From Wikipedia:

"Bop Till You Drop is Ry Cooder's eighth album, released in 1979. The album was the first digitally recorded major-label album in popular music. Bop Till You Drop was recorded on a digital 32-track machine built by 3M."

So yea, its "the first digitally recorded major-label album in popular music...."
Mmm, makes me wonder what the first fully digital album was in any genre.

Jim Keltner is an amazing drummer, he has been on a ton of great recordings including George Harrison: Living in the Material World.

On the back cover of that same record underneath the second hand-print design, text provides details of the fictitious Jim Keltner Fan Club where information which was available by sending a "stamped undressed elephant" to Jim Keltners address...

Keltner talking about it:
https://www.youtube.com/watch?v=2WiLW41qufw

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KVRAF
5074 posts since 30 Apr, 2019

Post Tue Feb 23, 2021 5:08 pm

PatchAdamz wrote:
Tue Feb 23, 2021 4:55 pm
Mmm, makes me wonder what the first fully digital album was in any genre.
I would guess it’d be some sort of experimental thing from Sony as they came out with the first PCM recorders which were I think a bit like VCRs that would record/play digital data. That was only a year or two before that Ry Cooder album.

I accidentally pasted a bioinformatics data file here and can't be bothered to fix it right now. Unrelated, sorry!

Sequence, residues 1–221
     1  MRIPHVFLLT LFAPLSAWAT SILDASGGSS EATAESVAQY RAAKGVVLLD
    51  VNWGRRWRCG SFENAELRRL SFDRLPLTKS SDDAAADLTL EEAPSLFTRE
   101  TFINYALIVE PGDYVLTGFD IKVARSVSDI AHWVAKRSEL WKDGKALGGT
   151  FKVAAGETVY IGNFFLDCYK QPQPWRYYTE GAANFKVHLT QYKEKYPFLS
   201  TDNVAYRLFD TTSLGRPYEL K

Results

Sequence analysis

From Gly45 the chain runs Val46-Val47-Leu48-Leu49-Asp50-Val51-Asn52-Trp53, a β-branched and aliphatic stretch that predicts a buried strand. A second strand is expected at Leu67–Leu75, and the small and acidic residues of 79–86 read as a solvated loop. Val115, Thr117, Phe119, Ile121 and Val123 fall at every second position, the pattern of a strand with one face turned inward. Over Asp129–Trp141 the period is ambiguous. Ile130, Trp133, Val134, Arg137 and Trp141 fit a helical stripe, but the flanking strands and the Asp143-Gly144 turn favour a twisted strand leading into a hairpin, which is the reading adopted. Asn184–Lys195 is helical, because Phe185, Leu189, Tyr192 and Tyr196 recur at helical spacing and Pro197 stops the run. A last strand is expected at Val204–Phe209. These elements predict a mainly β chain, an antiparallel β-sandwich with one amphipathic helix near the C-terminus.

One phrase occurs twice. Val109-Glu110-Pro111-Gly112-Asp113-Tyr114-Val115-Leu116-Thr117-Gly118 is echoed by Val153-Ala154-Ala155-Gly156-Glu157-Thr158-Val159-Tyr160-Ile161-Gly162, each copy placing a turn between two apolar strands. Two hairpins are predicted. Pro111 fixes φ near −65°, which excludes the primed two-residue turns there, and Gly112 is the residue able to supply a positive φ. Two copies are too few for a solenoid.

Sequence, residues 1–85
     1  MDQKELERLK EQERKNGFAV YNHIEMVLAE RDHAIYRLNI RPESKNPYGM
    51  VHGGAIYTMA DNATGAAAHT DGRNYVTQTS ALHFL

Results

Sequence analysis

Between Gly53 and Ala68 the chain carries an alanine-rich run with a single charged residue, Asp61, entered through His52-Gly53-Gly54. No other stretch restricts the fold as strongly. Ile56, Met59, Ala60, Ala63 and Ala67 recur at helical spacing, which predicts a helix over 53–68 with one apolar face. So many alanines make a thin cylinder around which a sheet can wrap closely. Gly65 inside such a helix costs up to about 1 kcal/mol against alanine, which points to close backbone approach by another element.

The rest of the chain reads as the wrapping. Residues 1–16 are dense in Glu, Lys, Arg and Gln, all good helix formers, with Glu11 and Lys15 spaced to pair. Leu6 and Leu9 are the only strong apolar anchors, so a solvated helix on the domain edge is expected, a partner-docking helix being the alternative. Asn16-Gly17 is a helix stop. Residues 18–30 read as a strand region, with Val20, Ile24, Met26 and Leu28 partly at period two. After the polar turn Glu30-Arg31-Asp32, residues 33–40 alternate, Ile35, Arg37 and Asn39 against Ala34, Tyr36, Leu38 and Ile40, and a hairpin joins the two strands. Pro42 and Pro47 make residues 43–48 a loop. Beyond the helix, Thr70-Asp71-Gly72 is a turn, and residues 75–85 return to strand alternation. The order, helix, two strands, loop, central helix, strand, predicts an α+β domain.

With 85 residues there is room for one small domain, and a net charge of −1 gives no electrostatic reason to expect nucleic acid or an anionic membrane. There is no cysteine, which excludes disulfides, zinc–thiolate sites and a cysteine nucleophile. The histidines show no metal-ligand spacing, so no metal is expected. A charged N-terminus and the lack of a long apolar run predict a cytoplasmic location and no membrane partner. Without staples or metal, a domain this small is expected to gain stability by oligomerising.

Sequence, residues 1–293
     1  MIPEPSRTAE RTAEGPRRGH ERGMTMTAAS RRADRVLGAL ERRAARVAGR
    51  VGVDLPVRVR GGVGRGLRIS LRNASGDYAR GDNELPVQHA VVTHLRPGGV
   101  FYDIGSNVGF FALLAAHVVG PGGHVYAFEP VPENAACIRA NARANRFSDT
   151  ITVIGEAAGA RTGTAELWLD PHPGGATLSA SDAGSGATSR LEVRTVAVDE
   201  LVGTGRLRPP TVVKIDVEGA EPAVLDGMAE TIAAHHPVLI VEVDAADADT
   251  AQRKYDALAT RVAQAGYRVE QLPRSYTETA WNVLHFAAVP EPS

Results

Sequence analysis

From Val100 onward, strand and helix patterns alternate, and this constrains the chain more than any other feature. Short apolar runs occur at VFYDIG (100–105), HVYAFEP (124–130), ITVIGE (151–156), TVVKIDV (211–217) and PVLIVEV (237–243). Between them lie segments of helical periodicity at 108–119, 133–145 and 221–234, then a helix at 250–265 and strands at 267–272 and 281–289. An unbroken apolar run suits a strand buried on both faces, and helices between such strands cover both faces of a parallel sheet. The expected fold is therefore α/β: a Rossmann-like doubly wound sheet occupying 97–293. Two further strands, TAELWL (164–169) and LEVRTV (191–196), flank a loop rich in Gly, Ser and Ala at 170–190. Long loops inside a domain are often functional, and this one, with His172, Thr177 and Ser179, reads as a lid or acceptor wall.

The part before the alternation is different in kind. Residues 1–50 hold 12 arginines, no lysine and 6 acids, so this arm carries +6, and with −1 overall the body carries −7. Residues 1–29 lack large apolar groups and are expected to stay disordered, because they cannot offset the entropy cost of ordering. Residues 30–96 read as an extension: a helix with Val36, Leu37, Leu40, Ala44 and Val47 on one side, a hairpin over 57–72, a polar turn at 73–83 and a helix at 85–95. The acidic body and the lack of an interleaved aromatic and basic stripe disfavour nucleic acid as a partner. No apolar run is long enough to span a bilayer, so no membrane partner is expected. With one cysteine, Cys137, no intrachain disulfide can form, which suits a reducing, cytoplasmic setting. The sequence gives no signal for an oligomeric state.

I seem to recall everyone making a fuss about Blue Nile for being DDD, but I’m not sure why they’d stand out a number of years later.

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KVRAF
5302 posts since 13 Nov, 2012

Post Tue Feb 23, 2021 5:21 pm

WatchTheGuitar wrote:
Tue Feb 23, 2021 5:08 pm
PatchAdamz wrote:
Tue Feb 23, 2021 4:55 pm
Mmm, makes me wonder what the first fully digital album was in any genre.

 
I would guess it’d be some sort of experimental thing from Sony as they came out with the first PCM recorders which were I think a bit like VCRs that would record/play digital data. That was only a year or two before that Ry Cooder album.

I seem to recall everyone making a fuss about Blue Nile for being DDD, but I’m not sure why they’d stand out a number of years later.

 
After some research here is the first one:

January 1971: Using NHK's experimental PCM recording system, Dr. Takeaki Anazawa, an engineer at Denon, records the world's first commercial digital recordings, The World Of Stomu Yamash'ta 1 & 2 by Stomu Yamash'ta (January 11, 1971)

I worked on the first fully sampled recording (engineered and sampled) using Stevie Wonders Synclavier. That is now in the Smithsonian Museum (not full album).

Entroducing (1996) by DJ Shadow, a.k.a name Joshua Davis (USA) was the first album to be recorded using only sampled sounds.

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KVRAF
5074 posts since 30 Apr, 2019

Post Tue Feb 23, 2021 6:17 pm

Indeed, the first commercial digital recording was Nippon Columbia NCB-7003, "Something" by Steve Marcus, released January 1971.The only other commercial release to come out of these early Denon/NHK recordings was Nippon Columbia NCC-8004, "The World of Sutomu Yamashita," according to Anazawa."
Yay google

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KVRAF
1617 posts since 15 Oct, 2017 from U.S.

Post Tue Feb 23, 2021 7:03 pm

Siouxsie & the Banshees - The Killing Jar

KVRAF
3995 posts since 22 Nov, 2012

Post Wed Feb 24, 2021 1:23 pm

xlr8r 295 is one of the toughest things i've ever tried to type, and one of the toughest sets i ever heard. djpauljohnson